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Silver Like Dust: One Family's Story Of America's Japanese Internment (2012)

by Kimi Cunningham Grant(Favorite Author)
3.67 of 5 Votes: 4
1605982725 (ISBN13: 9781605982724)
review 1: Silver Like Dust focuses on the relationship of a grandmother and granddaughter. The author--the granddaughter--wants to strengthen her relationship with her grandmother. At the start, she feels like she barely knows her. She knows a few things, perhaps, but not in a real-enough way. For example, she knows that her grandmother spent world war 2 in an internment camp. She knows that that is where her grandparents met, and also where her uncle was born. But her grandmother has never talked about the past, about the war, about her growing-up years. In fact, her grandmother has always been a private, quiet person. So she focuses her attention and begins to do things intentionally. She sets out to get to know her grandmother, she sets out to get the story, the real story. The b... moreook isn't just telling readers about the grandmother's experiences in the 1940s. The book is telling readers about the process, the journey, to getting to the story. That was unique, I thought. Not every nonfiction book lets readers in behind the scenes. I also thought it kept the book personal. This is very much family history, taking an interest in your family, in the past, of making sense of it all. I found it an interesting read.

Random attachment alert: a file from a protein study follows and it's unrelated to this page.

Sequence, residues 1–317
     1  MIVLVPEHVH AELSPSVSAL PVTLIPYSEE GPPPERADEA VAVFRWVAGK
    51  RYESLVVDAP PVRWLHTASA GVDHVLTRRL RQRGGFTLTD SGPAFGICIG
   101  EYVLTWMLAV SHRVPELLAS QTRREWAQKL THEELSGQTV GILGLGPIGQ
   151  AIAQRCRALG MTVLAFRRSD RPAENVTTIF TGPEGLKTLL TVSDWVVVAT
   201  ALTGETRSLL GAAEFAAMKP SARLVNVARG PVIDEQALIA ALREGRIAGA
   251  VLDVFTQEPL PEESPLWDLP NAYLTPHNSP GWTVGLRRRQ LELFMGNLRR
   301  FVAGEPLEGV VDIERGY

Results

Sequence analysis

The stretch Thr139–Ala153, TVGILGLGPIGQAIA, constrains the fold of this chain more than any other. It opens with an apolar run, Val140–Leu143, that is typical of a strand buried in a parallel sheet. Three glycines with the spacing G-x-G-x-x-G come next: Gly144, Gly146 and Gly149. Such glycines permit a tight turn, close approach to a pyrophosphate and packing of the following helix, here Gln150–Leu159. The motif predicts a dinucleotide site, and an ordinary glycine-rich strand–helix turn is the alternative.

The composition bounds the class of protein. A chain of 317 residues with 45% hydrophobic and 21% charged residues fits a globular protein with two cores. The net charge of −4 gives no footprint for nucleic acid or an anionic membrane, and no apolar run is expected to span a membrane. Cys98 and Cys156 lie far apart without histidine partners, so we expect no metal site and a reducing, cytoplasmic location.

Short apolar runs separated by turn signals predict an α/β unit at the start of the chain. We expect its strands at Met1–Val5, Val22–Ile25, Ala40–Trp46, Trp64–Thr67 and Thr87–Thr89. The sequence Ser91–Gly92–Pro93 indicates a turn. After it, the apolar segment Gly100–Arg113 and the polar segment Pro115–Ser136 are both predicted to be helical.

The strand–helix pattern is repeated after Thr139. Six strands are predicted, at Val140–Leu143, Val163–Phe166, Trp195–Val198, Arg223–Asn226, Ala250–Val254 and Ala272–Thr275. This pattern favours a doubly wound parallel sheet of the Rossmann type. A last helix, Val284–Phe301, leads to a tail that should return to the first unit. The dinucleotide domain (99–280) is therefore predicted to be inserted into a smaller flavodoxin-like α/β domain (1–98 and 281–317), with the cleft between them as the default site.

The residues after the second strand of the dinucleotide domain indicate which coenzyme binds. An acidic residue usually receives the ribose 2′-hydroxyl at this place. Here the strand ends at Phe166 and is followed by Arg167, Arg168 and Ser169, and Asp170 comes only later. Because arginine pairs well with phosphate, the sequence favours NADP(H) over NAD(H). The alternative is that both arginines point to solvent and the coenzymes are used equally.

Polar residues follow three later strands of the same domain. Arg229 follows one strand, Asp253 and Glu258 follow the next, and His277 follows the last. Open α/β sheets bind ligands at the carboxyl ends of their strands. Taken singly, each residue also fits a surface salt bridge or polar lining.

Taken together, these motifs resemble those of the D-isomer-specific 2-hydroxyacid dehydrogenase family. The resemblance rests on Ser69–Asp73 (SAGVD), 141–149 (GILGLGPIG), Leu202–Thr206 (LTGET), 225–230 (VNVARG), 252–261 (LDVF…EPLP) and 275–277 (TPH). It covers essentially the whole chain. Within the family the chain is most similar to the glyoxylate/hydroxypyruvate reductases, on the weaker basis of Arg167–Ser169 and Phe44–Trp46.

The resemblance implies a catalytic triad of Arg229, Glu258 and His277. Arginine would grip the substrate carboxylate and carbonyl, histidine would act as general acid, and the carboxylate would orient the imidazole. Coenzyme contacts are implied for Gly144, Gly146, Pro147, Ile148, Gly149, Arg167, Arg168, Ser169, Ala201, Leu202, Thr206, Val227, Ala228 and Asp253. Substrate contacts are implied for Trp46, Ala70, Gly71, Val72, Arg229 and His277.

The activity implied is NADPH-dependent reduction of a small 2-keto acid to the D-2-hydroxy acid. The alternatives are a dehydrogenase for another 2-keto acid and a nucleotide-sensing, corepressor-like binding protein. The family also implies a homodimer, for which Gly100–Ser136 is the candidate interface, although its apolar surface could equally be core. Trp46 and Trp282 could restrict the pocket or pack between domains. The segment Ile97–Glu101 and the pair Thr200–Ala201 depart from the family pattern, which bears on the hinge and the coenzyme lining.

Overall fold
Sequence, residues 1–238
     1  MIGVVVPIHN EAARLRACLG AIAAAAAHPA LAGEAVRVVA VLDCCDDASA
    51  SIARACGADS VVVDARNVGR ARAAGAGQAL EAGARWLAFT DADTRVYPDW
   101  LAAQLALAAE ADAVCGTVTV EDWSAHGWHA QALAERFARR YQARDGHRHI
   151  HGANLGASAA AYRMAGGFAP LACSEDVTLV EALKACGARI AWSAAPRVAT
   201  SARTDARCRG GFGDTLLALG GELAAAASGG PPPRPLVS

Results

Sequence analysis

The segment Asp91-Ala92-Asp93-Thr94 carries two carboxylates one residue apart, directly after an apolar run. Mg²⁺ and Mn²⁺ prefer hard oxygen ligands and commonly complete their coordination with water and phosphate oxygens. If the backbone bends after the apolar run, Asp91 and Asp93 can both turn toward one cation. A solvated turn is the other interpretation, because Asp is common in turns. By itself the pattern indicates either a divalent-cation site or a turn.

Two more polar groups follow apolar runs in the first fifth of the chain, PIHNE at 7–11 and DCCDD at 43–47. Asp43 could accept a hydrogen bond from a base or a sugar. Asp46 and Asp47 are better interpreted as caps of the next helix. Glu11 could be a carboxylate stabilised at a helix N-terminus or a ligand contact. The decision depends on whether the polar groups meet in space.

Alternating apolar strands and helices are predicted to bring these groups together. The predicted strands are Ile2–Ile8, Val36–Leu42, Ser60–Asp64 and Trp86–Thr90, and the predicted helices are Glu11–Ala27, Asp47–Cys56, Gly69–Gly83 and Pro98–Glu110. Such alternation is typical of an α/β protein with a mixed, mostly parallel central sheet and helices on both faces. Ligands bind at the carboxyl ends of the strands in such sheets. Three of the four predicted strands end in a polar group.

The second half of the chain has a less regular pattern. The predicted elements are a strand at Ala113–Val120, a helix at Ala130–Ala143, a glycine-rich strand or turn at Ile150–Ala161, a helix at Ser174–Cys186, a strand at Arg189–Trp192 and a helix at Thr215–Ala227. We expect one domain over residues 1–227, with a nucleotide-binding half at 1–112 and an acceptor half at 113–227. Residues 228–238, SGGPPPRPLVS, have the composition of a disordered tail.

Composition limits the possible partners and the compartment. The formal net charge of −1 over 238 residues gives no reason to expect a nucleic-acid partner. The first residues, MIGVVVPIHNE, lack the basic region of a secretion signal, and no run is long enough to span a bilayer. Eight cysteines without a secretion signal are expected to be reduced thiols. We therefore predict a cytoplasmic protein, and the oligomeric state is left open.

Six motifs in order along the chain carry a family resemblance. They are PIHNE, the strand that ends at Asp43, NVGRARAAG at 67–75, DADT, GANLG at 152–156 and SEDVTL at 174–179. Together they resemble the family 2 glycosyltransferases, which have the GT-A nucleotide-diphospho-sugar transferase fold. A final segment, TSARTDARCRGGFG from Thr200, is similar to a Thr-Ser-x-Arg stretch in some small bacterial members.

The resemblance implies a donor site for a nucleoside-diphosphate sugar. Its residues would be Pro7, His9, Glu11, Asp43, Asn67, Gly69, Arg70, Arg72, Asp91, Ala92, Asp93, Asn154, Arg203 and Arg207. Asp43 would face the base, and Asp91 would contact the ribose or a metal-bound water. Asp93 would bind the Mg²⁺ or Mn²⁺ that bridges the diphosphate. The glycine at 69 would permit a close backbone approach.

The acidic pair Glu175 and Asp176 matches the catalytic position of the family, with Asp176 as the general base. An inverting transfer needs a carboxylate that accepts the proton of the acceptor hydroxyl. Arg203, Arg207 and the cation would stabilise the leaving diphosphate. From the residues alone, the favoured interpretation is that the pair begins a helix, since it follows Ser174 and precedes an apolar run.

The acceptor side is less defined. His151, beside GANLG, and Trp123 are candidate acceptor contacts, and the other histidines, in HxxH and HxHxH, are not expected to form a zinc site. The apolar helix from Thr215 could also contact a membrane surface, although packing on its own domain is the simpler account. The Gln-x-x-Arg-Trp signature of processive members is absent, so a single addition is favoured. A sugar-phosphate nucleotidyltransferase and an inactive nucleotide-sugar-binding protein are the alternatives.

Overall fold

review 2: This is not the first book I've read on Japanese-American concentration camps, but the parallels with my family have led to some new and deep personal realizations about race in America. Obachaan and her husband are the same age as my grandparents. My grandfather was born in America, but his father and his mother's parents were born in Germany and immigrated to the US around later years of the 19th century. He grew up in a small town/rural farming community that was very German in character, culture and language. For all practical purposes, German was the first language and spoken at home, church, school and most likely the brewery where my great-grandfather worked. Unlike Obachaan's family, mine was able to become citizens and own property. They homesteaded, and received free land from the government. My German-American family was not put into concentration camps, they did not suffer because of their heritage (at least to the extent where it greatly impacted their lives) and were able to join the mainstream of American culture. In fact, my grandparents were very successful and the epitome of Tom Brokaw's "Greatest Generation".Ironically, there are many members of my family who would deny that they are privileged because of the color of their skin and hold anti-immigrant views. It so easy to forget that as descendants of Europeans in America, we were born on 3rd base (compared to Asian-, African- & Native Americans) and to pride ourselves on our "home run", how we "worked so hard" for what we've achieved and to deny that not only is racism a deeply-seated and main current of American history, it is till here today. less
Reviews (see all)
Amazing blend of story telling and lessons in American history. Absolutely phenomenal.
Loved the first person narrative about the Japanese internment.
Really good loved it one bokk I am gonna read again and agian
A little slow but an important story
Great, especially for nonfiction!
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